Male Sprague Dawley rats (210-230 g) received either an intravenous (i.v. 5, 10 and 20 mg kg(-1)) or oral (5, 10 and 20 mg kg(-1)) dose of Columbianetin. The levels of Columbianetin in plasma were measured by a simple and sensitive reversed-phase high-performance liquid chromatography (HPLC) method. The simple liquid-liquid extraction with ethyl acetate was used for sample preparation. Osthole was selected as internal standard (IS). The chromatographic separation was accomplished on a C18 column at a flow rate of 1 mL min(-1), where water-methanol was used as mobile phase. The calibration curve of the method was linear in the concentration range of 0.05-2000 μg mL(-1). The intra and inter-day accuracy for Columbianetin in rat plasma samples were within 8% and the variation was less than 8.3%. This method was suitable for the determination and pharmacokinetic study of Columbianetin in rat plasma after both intravenous and oral administration. The results indicated that maximum plasma concentrations(Cmax) for the Columbianetin (17-42 μg mL(-1)) were achieved at 0.3-0.5h post-oral dosing and the apparent volume of distribution (V/F) ranged from 0.38 to 0.44 L. Absolute bioavailability of Columbianetin was assessed to be 81.13 ± 45.85, 81.09 ± 33.63 and 54.30 ± 23.19%, respectively. Terminal elimination half-life (T1/2) of the Columbianetin after oral dosing was 60-90 min and were 2.5-3.3 fold longer than those observed for the i.v. dosing.
    CONCLUSIONS:
    The pharmacokinetic properties of Columbianetin in rat after oral administration were characterized as rapid oral absorption, quick clearance and good absolute bioavailability. The bioavailability of Columbianetin ranged from 54 to 81% for 5, 10 and 20 mg kg(-1) oral doses. The bioavailability of Columbianetin is independent of the doses studied. Columbianetin showed dose proportionality over the dose range 5-20 mg kg(-1). The results clearly demonstrated that Columbianetin was one of the material bases of RAP. Furthermore, an HPLC method was demonstrated in this study for the research of traditional Chinese medicine.
    Biol Pharm Bull. 2009 Jun;32(6):1027-31.
    Anti-inflammatory effect of Columbianetin on activated human mast cells.[Pubmed: 19483309]
    We isolated the active compound, Columbianetin. Anti-inflammatory effect of Columbianetin has been reported but the precise effects of Columbianetin in experimental models have remained unknown.
    METHODS AND RESULTS:
    In the present study, we investigate the effect of Columbianetin on the production of histamine, interleukin (IL)-1beta, IL-6, IL-8, and tumor necrosis factor (TNF)-alpha and expression of cyclooxygenase-2 (COX-2) by using the human mast cell line (HMC-1). Various concentrations of Columbianetin were treated before the activation of HMC-1 cells with phorbol 12-myristate 13-acetate (PMA) plus calcium ionophore, A23187. PMA plus A23187 significantly increased IL-1beta, IL-6, IL-8, and TNF-alpha production compared with media control (p<0.05). We also show that the increased cytokines IL-1beta, IL-6, IL-8, and TNF-alpha level was significantly inhibited by Columbianetin in a dose-dependent manner (p<0.05). Maximal inhibition rates of IL-1beta, IL-6, IL-8, and TNF-alpha production by Columbianetin were about 102.6%, 101.1%, 95.8%, and 103.9%, respectively. Columbianetin inhibited expression of COX-2. In addition, the effect of Columbianetin was investigated on the histamine release from HMC-1 stimulated by substance P, which promotes histamine release. Columbianetin also inhibited the histamine release by substance P.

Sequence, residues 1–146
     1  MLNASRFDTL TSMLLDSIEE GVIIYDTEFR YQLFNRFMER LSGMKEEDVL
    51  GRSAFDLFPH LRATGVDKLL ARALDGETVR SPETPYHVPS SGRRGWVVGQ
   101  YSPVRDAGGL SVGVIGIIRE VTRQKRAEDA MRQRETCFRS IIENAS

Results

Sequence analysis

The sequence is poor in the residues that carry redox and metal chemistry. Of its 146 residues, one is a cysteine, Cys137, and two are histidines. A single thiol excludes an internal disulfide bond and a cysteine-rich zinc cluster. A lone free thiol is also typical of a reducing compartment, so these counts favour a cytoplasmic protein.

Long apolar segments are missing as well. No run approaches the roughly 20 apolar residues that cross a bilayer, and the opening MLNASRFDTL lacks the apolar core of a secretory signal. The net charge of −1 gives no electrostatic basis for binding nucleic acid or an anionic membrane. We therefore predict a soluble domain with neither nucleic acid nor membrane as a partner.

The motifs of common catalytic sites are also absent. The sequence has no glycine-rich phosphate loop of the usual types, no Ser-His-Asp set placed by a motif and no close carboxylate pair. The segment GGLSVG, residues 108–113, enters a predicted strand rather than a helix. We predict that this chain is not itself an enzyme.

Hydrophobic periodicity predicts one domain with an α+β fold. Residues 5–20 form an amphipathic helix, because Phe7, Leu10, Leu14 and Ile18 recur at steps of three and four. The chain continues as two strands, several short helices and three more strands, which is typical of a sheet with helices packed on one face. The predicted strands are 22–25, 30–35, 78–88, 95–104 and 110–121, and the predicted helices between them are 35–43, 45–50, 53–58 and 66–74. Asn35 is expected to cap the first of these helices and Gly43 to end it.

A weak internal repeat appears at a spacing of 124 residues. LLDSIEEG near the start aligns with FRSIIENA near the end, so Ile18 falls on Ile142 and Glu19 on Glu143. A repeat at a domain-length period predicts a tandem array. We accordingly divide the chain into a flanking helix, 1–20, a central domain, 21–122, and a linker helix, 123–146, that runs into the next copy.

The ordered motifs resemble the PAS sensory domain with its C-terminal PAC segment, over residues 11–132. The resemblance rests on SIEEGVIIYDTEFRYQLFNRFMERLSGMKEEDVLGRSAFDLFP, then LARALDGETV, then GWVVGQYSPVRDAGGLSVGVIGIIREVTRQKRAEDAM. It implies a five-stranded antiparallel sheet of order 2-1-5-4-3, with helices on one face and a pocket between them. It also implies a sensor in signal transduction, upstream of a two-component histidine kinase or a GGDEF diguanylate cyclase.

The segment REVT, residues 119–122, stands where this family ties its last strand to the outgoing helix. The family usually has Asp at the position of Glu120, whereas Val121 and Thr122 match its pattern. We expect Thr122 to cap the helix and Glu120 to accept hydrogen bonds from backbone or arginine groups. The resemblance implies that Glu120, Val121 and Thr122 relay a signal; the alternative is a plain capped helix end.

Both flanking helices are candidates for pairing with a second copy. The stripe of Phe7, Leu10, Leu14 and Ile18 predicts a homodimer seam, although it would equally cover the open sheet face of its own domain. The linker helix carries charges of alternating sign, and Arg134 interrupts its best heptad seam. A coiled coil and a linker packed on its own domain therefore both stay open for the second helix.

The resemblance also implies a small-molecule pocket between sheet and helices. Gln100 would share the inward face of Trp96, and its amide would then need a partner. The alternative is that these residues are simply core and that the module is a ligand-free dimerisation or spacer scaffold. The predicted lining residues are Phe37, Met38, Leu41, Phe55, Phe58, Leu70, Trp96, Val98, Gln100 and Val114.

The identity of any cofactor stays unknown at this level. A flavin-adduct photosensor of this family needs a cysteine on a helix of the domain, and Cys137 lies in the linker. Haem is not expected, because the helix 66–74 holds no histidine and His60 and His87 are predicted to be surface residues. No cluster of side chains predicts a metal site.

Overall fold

CONCLUSIONS:
    In conclusion, these results indicate that Columbianetin may be helpful in regulating mast cell-mediated allergic inflammatory responses.
    Biomed Chromatogr. 2016 Feb;30(2):256-62.
    Tissue distribution study of columbianadin and its active metabolite columbianetin in rats.[Pubmed: 26115176]
    Columbianadin, one of the main bioactive constituents of the roots of Angelica pubescens Maxim. f. biserrata Shan et Yuan, has been found to possess obvious pharmacological effects in previous studies.
    METHODS AND RESULTS:
    In this study, a valid and sensitive reverse-phase high-performance liquid chromatography (RP-HPLC) method was established and validated for the determination of columbianadin (CBN) and its active metabolite Columbianetin (CBT) in rat tissue samples. Sample separation was performed on an RP-HPLC column using a mobile phase of MeOH-H2 O (75:25, v/v) at a flow rate of 1.0 mL/min. The UV absorbance of the samples was measured at the wavelength 325 nm. The calibration curves for CBN were linear over the ranges of 0.5-20 µg/g for brain, testes and muscle, 1.0-10.0 µg/g for stomach and intestine, and 0.2-20.0 µg/g for heart, liver, spleen, lung and kidney. The calibration curves for CBT were linear over the ranges of 0.5-25 µg/g for stomach and intestine, and 0.1-10.0 µg/g for heart, liver, spleen, lung and kidney. The analysis method was successfully applied to a tissue distribution study of CBN and CBT after intravenous administration of CBN to rats. The results of this study indicated that CBN could be detected in all of the selected tissues after i.v. administration. CBN was distributed to rat tissues rapidly and could be metabolized to CBT in most detected tissues. Of the detected tissues, heart had the highest uptake of CBN, which suggested that heart might be one of the main target tissues of CBN. Concentrations of CBT were obviously higher in the digestive system than in other assayed tissues.
    CONCLUSIONS:
    The information provided by this research is very useful for gaining knowledge of the capacities of CBN and CBT to access different tissues.